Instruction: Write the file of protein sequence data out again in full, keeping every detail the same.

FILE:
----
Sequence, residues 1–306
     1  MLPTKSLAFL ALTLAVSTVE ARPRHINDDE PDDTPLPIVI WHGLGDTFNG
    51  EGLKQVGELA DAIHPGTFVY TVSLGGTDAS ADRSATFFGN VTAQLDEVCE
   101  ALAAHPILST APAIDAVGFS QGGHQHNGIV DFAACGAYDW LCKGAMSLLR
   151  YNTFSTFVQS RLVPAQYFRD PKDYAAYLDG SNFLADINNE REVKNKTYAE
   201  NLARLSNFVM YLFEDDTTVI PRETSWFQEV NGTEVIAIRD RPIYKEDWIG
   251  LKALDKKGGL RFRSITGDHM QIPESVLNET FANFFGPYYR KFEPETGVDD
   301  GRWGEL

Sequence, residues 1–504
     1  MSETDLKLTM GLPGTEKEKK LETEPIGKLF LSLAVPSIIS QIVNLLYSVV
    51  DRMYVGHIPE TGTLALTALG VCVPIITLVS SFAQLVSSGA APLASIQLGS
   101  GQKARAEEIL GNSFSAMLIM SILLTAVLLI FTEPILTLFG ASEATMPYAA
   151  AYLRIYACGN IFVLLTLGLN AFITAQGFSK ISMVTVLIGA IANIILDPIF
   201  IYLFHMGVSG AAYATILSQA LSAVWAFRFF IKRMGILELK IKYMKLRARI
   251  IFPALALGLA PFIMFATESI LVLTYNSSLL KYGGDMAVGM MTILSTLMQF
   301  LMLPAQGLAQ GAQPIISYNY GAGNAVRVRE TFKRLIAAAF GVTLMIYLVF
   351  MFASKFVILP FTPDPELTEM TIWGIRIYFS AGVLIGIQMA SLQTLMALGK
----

Sequence, residues 1–306
     1  MLPTKSLAFL ALTLAVSTVE ARPRHINDDE PDDTPLPIVI WHGLGDTFNG
    51  EGLKQVGELA DAIHPGTFVY TVSLGGTDAS ADRSATFFGN VTAQLDEVCE
   101  ALAAHPILST APAIDAVGFS QGGHQHNGIV DFAACGAYDW LCKGAMSLLR
   151  YNTFSTFVQS RLVPAQYFRD PKDYAAYLDG SNFLADINNE REVKNKTYAE
   201  NLARLSNFVM YLFEDDTTVI PRETSWFQEV NGTEVIAIRD RPIYKEDWIG
   251  LKALDKKGGL RFRSITGDHM QIPESVLNET FANFFGPYYR KFEPETGVDD
   301  GRWGEL

Sequence, residues 1–504
     1  MSETDLKLTM GLPGTEKEKK LETEPIGKLF LSLAVPSIIS QIVNLLYSVV
    51  DRMYVGHIPE TGTLALTALG VCVPIITLVS SFAQLVSSGA APLASIQLGS
   101  GQKARAEEIL GNSFSAMLIM SILLTAVLLI FTEPILTLFG ASEATMPYAA
   151  AYLRIYACGN IFVLLTLGLN AFITAQGFSK ISMVTVLIGA IANIILDPIF
   201  IYLFHMGVSG AAYATILSQA LSAVWAFRFF IKRMGILELK IKYMKLRARI
   251  IFPALALGLA PFIMFATESI LVLTYNSSLL KYGGDMAVGM MTILSTLMQF
   301  LMLPAQGLAQ GAQPIISYNY GAGNAVRVRE TFKRLIAAAF GVTLMIYLVF
   351  MFASKFVILP FTPDPELTEM TIWGIRIYFS AGVLIGIQMA SLQTLMALGK